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fxus61 kphi 172229 

Area forecast discussion
National Weather Service Mount Holly New Jersey
629 PM EDT Mon Jun 17 2019

a frontal boundary will remain stalled near the area through
the week with several waves of low pressure moving along the
boundary. The front will finally push to our south Friday as an
area of low pressure strengthens and moves to our northeast.
High pressure briefly affects the area Saturday before shifting
offshore and to our south Saturday night into Sunday. A warm
front will lift across the area Sunday night into Monday as an
area of low pressure moves across the Great Lakes region into
southeast Canada.


Near term /until 6 am Tuesday morning/...
severe threat has ended for the southeast Pennsylvania counties
in the Severe Thunderstorm Watch, so will go ahead and remove
those counties from the watch. Severe Thunderstorm Watch remains
in effect until 11 PM otherwise. Damaging straight-line wind
gusts is the main threat.

A mesoscale analysis early this evening indicates that surface-
based instability is in the 1000-2000 j/kg range from roughly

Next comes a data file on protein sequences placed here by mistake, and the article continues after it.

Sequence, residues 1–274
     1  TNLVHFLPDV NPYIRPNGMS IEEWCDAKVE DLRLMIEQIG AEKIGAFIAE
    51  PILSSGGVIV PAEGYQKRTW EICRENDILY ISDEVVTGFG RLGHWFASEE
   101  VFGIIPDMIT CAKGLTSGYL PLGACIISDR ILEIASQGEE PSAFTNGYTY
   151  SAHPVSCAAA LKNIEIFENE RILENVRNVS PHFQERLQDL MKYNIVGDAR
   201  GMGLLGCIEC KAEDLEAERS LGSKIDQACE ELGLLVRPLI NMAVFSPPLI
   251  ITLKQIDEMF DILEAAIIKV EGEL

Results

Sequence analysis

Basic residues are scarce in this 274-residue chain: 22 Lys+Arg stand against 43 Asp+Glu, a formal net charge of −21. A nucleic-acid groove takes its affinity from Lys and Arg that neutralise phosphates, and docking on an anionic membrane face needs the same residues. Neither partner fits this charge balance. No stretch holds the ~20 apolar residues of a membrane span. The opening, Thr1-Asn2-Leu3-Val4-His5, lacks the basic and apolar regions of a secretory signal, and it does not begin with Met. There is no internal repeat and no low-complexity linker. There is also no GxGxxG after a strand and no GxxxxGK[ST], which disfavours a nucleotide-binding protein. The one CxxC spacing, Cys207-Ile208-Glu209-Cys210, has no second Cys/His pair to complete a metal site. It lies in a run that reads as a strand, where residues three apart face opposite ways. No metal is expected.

the Philadelphia Metro southward with mixed-layer instability of
500-1500 j/kg. While the midlevel lapse rates are not all that
steep, the low-level lapse rates are steep across the southern
zones where temperatures are in the 80s. The flow aloft is
mostly westerly at 40-50 knots of flow between 700 mb and 500
mb. This results in 30-40 knots of shear, which should tend to
favor organized clusters or line segments. The airmass is rather
warm with the freezing level near 13,000 feet with midlevel
lapse rates on the weak side, therefore severe hail may be less
of a threat unless some convection can develop some midlevel

Given the parameters in place, any organized and stronger
convection is anticipated to be south of I-78 and especially
from near the Philadelphia Metro on southward. The greatest risk
area for severe thunderstorms is across about the southern half
of the area, and convective organization would greatly improve
cold pool development. The forecast soundings from around the
Philadelphia Metro into southern New Jersey and northern
Delaware do show some veering with height in the low levels this
evening, although the overall flow is light. This however could
be enough to get some low-level rotation and pose a non-zero
tornado risk, especially if some stronger storms track near the
stalled surface front. Overall, locally straight-line damaging
wind gusts are the main threat.